Patterns are everywhere. On leaves and bark. On the coats of deer and on the bodies of insects. The logic underlying patterns are multiplied everywhere you look. Patterns cover fabrics, clamber up curtains, scramble over dresses and slither across carpets. And despite being so old, they still are the hit of the season…
Phaidon publications have devoted a major book in their honour called: MOTIFS, dans les coulisses de la Design Library.
The key player when it comes to patterns is Nature itself and human beings culturally have a tendency to classify and order things. Perhaps the fusion of these two elements lies at the origin of textile patterns that have always existed, on every continent, in all cultures and which are still fashionable to this day. Because patterns don’t just repeat themselves, they change, replicate, transform, modify, adapt, rejuvenate and influence. Their rationality of rhythm and colour expresses ideas, feelings, intention, representation, order or chaos, a period of time and even social status. This seems as embedded in their design as it is in the infinite variations of their replications.
Now there is a place that collects patterns that have played a role in the history of mankind. The classified and indexed archives in this building are open for designers to peruse as a source of inspiration (designers/graphic designers working with textiles, furnishings, coverings, paper printing, clothing…). This place is the Design Library founded in 1972 by Susan and Herb Meller and restored by a long time collaborator the founders, Peter Koepke, in 2002. Since it opened its doors the Design Library has continued its mission to store a growing number of textiles from all cultures and time periods. It is a living museum and this book published by Phaidon gives an immense and wonderful insight into it despite being somewhat limited in view of the museum’s unique stock of several million original patterns!
The pattern and its reproduction techniques are intertwined. The design of a pattern was limited at one time its replication and colouring options, particularly in the textile industry. The idea behind a pattern is bound up with its manufacture. This applies as much to its geometric abstraction (generating multiple copies from one original) as it does to its production methods (technical support, drawings, colour, size etc)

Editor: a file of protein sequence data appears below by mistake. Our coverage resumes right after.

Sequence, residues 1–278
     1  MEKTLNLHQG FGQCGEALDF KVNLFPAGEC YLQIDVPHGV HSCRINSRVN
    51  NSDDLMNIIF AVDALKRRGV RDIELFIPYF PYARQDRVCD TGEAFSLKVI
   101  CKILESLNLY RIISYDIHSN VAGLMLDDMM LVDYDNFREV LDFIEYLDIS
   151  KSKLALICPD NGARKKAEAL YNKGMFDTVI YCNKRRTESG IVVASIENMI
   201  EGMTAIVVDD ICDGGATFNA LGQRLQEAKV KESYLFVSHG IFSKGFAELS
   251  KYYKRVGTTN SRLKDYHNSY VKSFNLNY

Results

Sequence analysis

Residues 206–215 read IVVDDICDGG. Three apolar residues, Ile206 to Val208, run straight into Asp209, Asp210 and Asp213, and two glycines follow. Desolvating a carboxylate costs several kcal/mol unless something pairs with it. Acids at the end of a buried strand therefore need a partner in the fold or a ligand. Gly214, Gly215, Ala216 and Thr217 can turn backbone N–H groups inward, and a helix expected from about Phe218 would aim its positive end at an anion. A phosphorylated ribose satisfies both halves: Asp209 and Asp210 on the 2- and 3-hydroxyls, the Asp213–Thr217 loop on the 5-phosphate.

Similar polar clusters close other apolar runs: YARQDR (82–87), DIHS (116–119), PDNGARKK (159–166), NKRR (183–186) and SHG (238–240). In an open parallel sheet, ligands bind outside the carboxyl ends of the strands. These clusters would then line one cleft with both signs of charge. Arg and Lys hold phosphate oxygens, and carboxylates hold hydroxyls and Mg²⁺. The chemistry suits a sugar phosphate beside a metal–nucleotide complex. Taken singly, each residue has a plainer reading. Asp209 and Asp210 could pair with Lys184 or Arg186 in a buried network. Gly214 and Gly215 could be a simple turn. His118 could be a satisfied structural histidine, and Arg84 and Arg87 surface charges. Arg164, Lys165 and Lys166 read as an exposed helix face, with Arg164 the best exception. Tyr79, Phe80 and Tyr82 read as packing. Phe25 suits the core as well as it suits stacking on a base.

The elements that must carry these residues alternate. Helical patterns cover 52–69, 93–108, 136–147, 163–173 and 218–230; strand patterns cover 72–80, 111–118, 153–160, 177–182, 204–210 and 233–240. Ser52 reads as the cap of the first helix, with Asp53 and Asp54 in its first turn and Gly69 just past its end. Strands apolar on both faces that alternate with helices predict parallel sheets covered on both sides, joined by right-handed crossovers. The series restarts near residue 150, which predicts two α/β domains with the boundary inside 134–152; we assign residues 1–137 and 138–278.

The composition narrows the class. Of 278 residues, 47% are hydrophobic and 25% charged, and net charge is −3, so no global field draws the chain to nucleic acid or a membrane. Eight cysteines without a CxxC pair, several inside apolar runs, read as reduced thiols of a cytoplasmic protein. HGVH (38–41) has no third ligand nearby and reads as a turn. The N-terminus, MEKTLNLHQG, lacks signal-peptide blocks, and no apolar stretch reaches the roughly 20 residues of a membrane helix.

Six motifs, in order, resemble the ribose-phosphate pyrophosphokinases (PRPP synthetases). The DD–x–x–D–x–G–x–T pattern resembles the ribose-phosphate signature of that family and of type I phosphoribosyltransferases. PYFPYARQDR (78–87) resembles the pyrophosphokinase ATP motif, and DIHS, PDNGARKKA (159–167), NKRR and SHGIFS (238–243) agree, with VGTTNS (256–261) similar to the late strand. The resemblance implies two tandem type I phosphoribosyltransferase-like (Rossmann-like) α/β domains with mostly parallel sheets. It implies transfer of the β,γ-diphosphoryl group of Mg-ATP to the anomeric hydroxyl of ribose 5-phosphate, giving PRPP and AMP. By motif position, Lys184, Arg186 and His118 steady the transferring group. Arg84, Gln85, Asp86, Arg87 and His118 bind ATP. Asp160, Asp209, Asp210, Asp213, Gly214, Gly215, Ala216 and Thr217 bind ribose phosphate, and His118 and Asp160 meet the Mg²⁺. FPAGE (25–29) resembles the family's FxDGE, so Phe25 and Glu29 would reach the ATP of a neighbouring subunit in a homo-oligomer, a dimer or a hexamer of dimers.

The key sentence in the book is by William Morris, the historical father of pattern and it goes: « No pattern should be without meaning ». The founder and successors of the Design Library probably had that phrase ringing in their ears as they implemented their way of organising their pattern collections into four groups (floral, geometric, ethnic and current). These groups are split further into over 1,200 categories spawned by their biological classification (time period, art movement, technique, type and appearance of fabric, theme…) MOTIFS is therefore split into chapters to cover pattern types, all of which are abundantly illustrated from an exceptional selection of examples. Finally, top designers present the fruits of their exchanges with the Design Library, their debt being turned into an intake of new patterns that will enrich its archives in due course.
Patterns are commonplace because they appear in so many forms, but technicalities and historical, social, industrial issues mean that they are as visible as they are unknown – except to professionals in the field. So this book with its top quality reproductions offers a rich and comprehensive approach to the topic.
Nota Bene: Patterns are important in diptyque’s history. Our founders admired William Morris and the very first diptyque designs were fabrics featuring patterns designed by two of the three founders, Desmond-Knox Leet and Christiane Montadre-Gautrot. A few years later the latter would go on to design complex Zelij patterns that would decorate the Moroccan pavilion at the International Exhibition in Seville in 1992 as well as some panels at Hassan II Mosque in Casablanca.